Chaldaean Philosophy

Chaldaean Philosophy.

Ritter (History of Philosophy, bk. 2, ch. 1) remarks that he passes over the philosophy of the Chaldaeans without special notice; both "because the fragments of Manetho, Berosus, and Sanchoniatho are not free from suspicion as to genuineness and antiquity, and also because the ideas and conceptions prevailing in them are of little value philosophically." Beard, in Kitto's Cyclopaedia (s.v. Philosophy), remarks, nevertheless, that the subject is "of interest to the student of the Bible, in consequence of the general and decided influence which the Babylonian philosophy exerted on the opinions and manner of thinking of the Israelites during their captivity in Babylon, as the Rabbins themselves admit, in alleging that the names of the angels and of the months were derived by the house of Israel from Babylon (Rosh Hashanah, p. 56). SEE CAPTIVITY. The system of opinion and manner of thinking which the captives met with in Babylon was made up of elements whose birthplace was in various parts of the East, and which appear to have found in Babylon a not uncongenial soil, where they grew and coalesced into one general system. Of these elements the two principal were the Chaldaean and the Medo-Persian or Zoroastrian.

"The former of these, which alone we shall here consider, seems to have originated in the cultivation of astronomy (q.v.), a science very early pursued under the clear sky of Babylonia, although generally corrupted with a mixture of astrology (q.v.). Light naturally came to be regarded as a divine principle, and the heavenly bodies were worshipped as the residence or impersonation of Deity. This soon diverged into polytheism, as the celestial luminaries were assigned to separate powers of Nature. SEE IDOLATRY. An observation of the astronomical phenomena led not only to the formation of horoscopes with a view to divining the future, but it likewise induced. a belief in certain intermediate powers, which were supposed (as by the now discovered bond of gravitation) to link all bodies together, and whose presence was. made to fill the void between them and the invisible Being at the center. Thus arose the emanation theory, which figures so conspicuously in the Cabbala (q.v.) and in Gnosticism (q.v.). These intermediate or derived existences were invested with intelligence, and formed again a link between spirit and matter, giving rise to a whole world of daemons (q.v.), of various characters and capacities. To guard against the malignant influence of some of these, talismans (q.v.) were used, and the arts of sorcery (q.v.) were resorted to. SEE CHALDEES.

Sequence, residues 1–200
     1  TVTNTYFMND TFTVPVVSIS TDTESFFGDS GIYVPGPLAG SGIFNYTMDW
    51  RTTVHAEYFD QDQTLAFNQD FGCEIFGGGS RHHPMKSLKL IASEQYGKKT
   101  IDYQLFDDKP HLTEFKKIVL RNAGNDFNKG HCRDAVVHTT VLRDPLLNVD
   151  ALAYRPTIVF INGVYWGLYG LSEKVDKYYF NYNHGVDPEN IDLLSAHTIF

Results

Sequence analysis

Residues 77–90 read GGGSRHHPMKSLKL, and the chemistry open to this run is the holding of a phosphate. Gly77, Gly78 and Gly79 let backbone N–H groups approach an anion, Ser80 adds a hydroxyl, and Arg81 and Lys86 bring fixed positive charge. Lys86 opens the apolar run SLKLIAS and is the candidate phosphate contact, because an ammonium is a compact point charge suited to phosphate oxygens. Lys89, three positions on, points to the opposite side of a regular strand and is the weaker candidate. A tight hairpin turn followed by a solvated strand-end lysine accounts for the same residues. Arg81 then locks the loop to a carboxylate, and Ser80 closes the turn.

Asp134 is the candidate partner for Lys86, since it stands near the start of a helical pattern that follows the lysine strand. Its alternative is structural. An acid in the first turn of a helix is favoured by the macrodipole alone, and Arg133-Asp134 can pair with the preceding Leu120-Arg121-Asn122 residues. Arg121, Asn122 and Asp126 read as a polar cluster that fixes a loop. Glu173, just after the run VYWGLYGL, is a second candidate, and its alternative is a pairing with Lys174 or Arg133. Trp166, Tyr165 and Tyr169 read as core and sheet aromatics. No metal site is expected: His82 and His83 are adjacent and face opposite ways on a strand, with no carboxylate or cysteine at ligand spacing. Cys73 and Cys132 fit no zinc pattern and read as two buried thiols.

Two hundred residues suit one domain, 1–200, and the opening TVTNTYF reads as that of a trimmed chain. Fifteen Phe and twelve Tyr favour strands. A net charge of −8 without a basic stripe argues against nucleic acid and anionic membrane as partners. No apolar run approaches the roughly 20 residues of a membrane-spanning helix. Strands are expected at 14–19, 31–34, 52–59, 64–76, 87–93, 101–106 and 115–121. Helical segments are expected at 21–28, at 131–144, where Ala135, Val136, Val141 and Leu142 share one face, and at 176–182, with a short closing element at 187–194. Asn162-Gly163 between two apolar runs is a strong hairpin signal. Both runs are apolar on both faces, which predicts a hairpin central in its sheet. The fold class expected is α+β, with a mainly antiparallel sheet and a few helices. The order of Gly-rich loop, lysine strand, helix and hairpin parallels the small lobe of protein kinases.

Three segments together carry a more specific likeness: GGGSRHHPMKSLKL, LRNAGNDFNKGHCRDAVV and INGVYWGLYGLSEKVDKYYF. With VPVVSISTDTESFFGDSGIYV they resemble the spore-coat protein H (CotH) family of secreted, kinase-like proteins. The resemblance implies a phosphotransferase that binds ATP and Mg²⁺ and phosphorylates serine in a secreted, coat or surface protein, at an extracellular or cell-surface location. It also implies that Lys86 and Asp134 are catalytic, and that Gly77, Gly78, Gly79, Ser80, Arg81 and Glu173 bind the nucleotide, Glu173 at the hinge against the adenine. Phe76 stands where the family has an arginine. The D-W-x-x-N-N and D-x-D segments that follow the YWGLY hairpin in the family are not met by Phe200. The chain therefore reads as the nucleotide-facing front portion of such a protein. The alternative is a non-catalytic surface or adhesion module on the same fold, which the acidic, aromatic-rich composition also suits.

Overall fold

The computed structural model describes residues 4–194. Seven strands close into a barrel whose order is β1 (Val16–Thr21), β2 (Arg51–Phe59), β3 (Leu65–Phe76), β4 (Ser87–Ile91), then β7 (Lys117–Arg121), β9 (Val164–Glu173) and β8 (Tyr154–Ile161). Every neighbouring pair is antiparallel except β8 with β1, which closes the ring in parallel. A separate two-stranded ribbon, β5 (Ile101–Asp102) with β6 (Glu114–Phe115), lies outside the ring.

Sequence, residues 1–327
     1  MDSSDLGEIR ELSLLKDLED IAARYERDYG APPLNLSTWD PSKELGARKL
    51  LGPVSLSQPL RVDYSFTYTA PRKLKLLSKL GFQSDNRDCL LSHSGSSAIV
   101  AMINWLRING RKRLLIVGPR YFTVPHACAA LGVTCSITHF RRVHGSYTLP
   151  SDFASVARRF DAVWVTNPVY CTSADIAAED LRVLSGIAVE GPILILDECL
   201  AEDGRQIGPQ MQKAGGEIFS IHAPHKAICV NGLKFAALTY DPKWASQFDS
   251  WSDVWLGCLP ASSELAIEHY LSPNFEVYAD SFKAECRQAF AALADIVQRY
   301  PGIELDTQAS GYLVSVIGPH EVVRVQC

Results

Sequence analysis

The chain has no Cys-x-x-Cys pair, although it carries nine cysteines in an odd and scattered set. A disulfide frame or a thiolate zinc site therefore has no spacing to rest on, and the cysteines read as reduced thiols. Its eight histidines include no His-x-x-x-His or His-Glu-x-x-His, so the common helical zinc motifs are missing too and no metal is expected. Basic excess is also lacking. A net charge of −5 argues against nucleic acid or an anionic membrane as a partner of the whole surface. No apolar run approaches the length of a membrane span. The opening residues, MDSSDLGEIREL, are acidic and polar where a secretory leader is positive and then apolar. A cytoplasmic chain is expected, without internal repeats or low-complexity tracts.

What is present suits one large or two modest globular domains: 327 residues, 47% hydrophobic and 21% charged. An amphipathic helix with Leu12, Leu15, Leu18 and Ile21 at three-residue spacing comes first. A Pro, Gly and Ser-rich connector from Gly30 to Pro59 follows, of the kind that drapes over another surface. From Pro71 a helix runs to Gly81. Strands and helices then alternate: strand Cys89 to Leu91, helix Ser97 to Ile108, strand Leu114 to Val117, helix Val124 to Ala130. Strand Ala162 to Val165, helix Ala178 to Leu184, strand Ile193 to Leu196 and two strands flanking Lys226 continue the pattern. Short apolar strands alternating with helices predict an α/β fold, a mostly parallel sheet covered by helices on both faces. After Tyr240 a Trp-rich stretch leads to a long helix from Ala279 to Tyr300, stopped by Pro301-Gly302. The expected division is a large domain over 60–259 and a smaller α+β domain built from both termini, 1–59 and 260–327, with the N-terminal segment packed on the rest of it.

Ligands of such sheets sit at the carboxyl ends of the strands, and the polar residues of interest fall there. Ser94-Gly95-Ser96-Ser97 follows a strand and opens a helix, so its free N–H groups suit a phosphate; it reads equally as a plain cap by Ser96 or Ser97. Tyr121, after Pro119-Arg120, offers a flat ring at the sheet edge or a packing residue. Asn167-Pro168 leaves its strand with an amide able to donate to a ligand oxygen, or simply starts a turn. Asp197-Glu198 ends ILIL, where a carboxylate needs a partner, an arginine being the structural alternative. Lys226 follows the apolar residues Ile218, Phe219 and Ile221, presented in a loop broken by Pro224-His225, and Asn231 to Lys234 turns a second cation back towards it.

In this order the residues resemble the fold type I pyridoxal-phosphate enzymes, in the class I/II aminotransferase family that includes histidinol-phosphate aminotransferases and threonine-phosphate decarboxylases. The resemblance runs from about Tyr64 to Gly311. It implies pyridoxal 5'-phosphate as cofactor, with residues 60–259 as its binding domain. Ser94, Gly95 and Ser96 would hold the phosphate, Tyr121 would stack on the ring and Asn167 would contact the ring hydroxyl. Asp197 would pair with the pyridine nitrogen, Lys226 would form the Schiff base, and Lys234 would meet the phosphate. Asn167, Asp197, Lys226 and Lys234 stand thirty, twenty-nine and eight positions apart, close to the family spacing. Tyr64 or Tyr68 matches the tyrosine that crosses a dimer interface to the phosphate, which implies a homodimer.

"The fragments of Berosus, preserved by Eusebius and Josephus, and to be found in Scaliger (De Emendat. Temp.), and more fully in Fabricius (Bib. Gr. 14:175), afford some information on the subject of Chaldaean philosophy. Berosus was a priest of the god Baal, at Babylon, in the time of Alexander the Great. The Talmud and other works of the, Jewish Rabbins may also be advantageously consulted, together with the following authorities: Euseb. Pre-p. Evang. 9:10; Philo, De Mig. Mun.; Selden, De

Diis Syris, Proleg. 3; Stanley's History of Oriental Philosophy; Rosenroth, Cabbala denudata (t. 1, Solisb. 1677, t. 2); 'Liber Johan. restitutus' (Francof. 1684); Kleuker, Emanations-lehre bei den Kabbalisten (Riga, 1786); Molitor, Philosophie der Geschichte (1827-8); Hartmann, Verbindung des A. T. mit dem Neuen. (1831); Fritz, Ketzer-Lexikon (1838); Brucker, Hist. Crit. Phil.; Nork, Vergleichende Mythologie (Lpz. 1836)." SEE MAGI.

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